However, what concerns me about the Labour Party's emails is the fact that their main approach is to knock the Government. I know that those in Opposition always seem to see this as their main objective in life: "whatever the Government does we'll tell them they're wrong for doing it." It gets tedious and is counterproductive in the end.

Having Andrew Little, the current Leader of the Labour Party, popping up on TV every time there's some sort of political issue, and invariably saying nothing more than that the National Government is doing it wrong, is like having a neighbour poking his head over the fence every time you do something in your backyard and telling you what you should be doing. It's wearying.

The trouble is they almost never say how they would do it right. If the Opposition only opposes, and never proposes, then after a while you switch off and don't want to hear from them anymore.

So here's the Labour Party writing to me by email week after week, and in none of these emails is there anything that suggests how they would do it better. I have to assume that they have some plan up their sleeve, or that they know the proper way to do something, but they don't talk about it.

It's like two gangs in the street: there's the gang that's currently cock of the walk. They pretty much do what they want. The rival gang happens at the moment to be number two and not number one and they resent it. So they spend their time carping at everything gang number one does. It's self-defeating: no one wants to hear a whiner day after day. (I know this from experience because my wife has frequently told me so!)

So, Labour Party emailers, here's a suggestion. Instead of focusing on what the National Government is doing wrong all the time, how about showing me what you will do right when you're next in Government? Because at the moment I wouldn't vote for you as a Party if you paid me. (I have voted for my local Labour MP because I think he's got some nous, but for the Party as a whole? No way.)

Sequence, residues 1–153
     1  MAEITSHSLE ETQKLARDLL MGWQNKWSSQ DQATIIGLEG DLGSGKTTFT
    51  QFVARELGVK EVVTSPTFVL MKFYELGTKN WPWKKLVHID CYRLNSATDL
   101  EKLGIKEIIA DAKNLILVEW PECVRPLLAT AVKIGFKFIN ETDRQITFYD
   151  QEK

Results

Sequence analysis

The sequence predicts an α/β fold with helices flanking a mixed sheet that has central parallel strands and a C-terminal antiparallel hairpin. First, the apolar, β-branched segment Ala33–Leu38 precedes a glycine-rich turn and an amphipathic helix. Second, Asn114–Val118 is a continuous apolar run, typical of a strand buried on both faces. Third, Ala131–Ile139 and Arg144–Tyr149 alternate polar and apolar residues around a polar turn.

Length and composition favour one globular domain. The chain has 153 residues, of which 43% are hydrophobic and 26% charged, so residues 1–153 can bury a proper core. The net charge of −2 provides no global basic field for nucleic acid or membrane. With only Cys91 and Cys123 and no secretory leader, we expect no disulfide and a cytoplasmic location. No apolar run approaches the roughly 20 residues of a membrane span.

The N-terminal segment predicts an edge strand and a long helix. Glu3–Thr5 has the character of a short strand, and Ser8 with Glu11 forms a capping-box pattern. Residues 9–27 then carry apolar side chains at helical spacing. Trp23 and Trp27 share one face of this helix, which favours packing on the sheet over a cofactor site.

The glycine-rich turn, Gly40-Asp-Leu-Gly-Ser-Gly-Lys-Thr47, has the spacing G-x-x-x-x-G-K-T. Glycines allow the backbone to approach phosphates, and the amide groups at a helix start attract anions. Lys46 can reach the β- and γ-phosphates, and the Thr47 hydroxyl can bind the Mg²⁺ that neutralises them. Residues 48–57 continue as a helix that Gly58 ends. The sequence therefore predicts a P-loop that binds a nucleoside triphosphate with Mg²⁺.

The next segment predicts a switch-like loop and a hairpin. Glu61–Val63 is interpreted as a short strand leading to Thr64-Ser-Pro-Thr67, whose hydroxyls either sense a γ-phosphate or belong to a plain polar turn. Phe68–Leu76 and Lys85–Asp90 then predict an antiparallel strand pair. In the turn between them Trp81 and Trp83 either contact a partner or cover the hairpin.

Monday, July 13, 2015


The name of the site always reminds me of another similar name: the old throat lozenge, Fisherman's Friend, which has apparently been around since 1865. 

I've never personally seen it used by fishermen, although that was who it was first sold to, but my connection with it is in its use by singers, who, at one time swore by it as a cure for throats that weren't quite doing their job when it came to singing. Like a lot of things it seems to have had its day as far as singers are concerned - they've no doubt found something more soothing - but the actual Fisherman's Friend lozenge is still going strong, the company producing five billion of the things a year. That's enough to soothe the throats of around two-thirds of the world's population at any one time. Good grief. 

The curious thing is that the Musician's Friend, as a name, would have been more appropriate for singers. When they soothed themselves with a Fisherman's Friend, you had to wonder at the compability. 

Monday, June 29, 2015

Something's screwy somewhere....

"Stadium Profit Forecast" proclaims a headline in today's ODT.  I thought initially - it isn't April the first is it? - sadly, it's not. When you read the whole article you discover that the 'profit' comes, yet again, at the expense of the ratepayers of Dunedin. In fact, in real terms there's absolutely no profit at all.

'We're all about delivering economic benefits', says Terry Davies. Well yes, 'economic benefits' to shareholders, maybe, when they get dividends, but the economic benefits for Dunedin citizens are as always nil. 

It's all playing around with accounts: in order to turn Stadium losses into profits, the
1. Rent was halved by $2 million.
2. $30 million of Stadium debt was transferred to the Council's books.

The result is that the Ratepayers' Stadium bill will increase by $1.81 a year, to a total of $11.65 per year.

The supposed profits might reach $600,000, Davies enthuses. Well, they might, if the ratepayers of Dunedin don't get sick to death of the whole farce and demand their money back. 

Someone who understands accounting better might be able to explain how there are actual profits. In my amateur bookkeeping understanding (I did get 100% in a bookkeeping exam, many years ago) all I can see if this: if you remove debts from a company and you cut their rent in half then of course that will allow to make money more easily. Meanwhile, the company that's taken on the debts will have to pay them at some point, presumably with interest. I couldn't see a Bank ever offering to do this.

Something's screwy somewhere...

Thursday, June 18, 2015

Magic Flute